A British court has fined a man £500 ($870, €720) for using a residential wireless broadband connection without permission.
In what is believed to be the first conviction of its kind in the UK, a jury at Isleworth, Middlesex court found Gregory Straszkiewicz, 24, guilty of dishonestly obtaining an electronic communications service and possessing equipment for fraudulent use of a communications service.
The case was brought under the Communications Act 2003 with the Crown Prosecution Service saying he was guilty of ‘piggybacking’ a household wireless network.
Police officers nabbed Straszkiewicz after he was spotted by locals wandering around a residential area looking for “free” net connections.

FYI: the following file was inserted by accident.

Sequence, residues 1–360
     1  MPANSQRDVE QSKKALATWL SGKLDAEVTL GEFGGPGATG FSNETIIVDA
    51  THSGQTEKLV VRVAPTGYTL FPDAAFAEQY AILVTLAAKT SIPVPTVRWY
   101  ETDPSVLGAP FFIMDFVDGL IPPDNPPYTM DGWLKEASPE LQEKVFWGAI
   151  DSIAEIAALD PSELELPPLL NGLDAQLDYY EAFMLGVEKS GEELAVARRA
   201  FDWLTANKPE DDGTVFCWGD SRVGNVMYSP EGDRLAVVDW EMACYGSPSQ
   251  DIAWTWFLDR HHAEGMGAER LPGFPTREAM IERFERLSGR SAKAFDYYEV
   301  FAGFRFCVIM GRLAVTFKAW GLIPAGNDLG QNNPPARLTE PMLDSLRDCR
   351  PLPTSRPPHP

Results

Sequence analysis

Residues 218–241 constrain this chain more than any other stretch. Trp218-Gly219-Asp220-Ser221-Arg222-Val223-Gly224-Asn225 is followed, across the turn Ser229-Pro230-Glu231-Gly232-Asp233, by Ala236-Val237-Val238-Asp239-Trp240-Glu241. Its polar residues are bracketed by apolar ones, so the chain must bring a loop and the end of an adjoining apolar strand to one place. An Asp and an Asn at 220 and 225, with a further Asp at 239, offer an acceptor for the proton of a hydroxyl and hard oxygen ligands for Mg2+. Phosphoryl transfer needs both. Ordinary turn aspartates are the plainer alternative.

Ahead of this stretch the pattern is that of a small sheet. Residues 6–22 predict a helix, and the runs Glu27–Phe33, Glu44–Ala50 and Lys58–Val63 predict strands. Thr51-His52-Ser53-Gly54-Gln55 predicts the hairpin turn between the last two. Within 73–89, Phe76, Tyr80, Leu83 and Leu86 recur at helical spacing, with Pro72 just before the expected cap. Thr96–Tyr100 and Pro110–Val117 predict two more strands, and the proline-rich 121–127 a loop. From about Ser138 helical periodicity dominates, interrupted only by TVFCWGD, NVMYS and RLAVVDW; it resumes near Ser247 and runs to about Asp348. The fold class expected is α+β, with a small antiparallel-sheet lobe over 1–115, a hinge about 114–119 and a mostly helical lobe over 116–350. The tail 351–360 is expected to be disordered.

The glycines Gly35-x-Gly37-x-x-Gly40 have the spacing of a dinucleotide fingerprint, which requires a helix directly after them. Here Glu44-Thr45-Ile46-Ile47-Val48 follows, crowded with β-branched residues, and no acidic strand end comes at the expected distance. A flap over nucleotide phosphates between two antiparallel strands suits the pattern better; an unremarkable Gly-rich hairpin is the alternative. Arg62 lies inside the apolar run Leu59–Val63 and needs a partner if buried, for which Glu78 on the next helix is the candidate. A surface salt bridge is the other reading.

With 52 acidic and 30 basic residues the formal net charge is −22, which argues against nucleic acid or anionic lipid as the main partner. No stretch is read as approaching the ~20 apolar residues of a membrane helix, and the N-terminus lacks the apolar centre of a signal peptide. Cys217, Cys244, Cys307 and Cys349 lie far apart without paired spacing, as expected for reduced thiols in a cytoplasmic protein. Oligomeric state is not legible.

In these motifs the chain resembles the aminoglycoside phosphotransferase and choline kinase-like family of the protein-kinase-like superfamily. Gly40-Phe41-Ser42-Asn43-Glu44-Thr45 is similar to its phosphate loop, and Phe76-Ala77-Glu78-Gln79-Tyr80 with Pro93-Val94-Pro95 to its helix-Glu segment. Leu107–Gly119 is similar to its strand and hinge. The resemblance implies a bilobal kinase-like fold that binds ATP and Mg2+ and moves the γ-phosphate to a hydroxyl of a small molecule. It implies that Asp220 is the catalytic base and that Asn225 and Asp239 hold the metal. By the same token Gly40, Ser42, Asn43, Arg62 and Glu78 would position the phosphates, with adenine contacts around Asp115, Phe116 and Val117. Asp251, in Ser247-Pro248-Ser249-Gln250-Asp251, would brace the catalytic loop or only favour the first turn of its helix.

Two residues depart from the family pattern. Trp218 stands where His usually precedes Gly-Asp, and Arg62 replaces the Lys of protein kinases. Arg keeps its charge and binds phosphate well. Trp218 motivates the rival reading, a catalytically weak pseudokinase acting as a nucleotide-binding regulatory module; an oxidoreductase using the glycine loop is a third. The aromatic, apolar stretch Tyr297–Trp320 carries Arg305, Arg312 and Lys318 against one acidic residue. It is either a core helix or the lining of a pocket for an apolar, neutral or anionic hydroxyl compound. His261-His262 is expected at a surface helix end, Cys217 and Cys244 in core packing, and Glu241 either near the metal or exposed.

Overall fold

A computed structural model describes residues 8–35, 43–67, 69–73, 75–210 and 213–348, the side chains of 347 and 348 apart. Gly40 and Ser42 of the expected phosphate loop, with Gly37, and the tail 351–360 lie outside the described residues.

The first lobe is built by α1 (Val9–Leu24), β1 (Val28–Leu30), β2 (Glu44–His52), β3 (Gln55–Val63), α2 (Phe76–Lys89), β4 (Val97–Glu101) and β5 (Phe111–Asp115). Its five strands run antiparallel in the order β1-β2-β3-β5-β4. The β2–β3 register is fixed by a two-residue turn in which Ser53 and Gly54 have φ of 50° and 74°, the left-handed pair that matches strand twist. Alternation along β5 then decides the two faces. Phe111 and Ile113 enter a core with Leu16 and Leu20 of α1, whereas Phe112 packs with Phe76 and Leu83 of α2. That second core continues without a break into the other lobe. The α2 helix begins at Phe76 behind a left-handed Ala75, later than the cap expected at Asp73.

He was reported to have attempted this several times before the Old Bill invited him for a date in the cells.
In addition to the fine, Straszkiewicz was also sentenced to a 12 months conditional discharge and had his laptop confiscated.
We have to say this seems a little harsh as there appears to be no evidence that there was any hostile motive behind his actions.
Earlier this month, we reported on a Florida man being arrested for a similar offence.
It remains unclear whether mobile Wi-Fi users accidentally connecting to another party’s unsecured, unencrypted connection would risk prosecution.
The fact that many cafes and bars now offer free Wi-Fi Web access surely make it difficult to enforce this law, although there’s clearly a different case to answer when individuals are persistently wandering around residential streets with their laptops flipped open.
As ever, the solution is simple, and that’s for people running Wi-Fi connections to use the encryption tools provided.
And if you don’t know how to do that, here’s a tutorial: Wireless Home Networking, Part III – Wi-Fi Security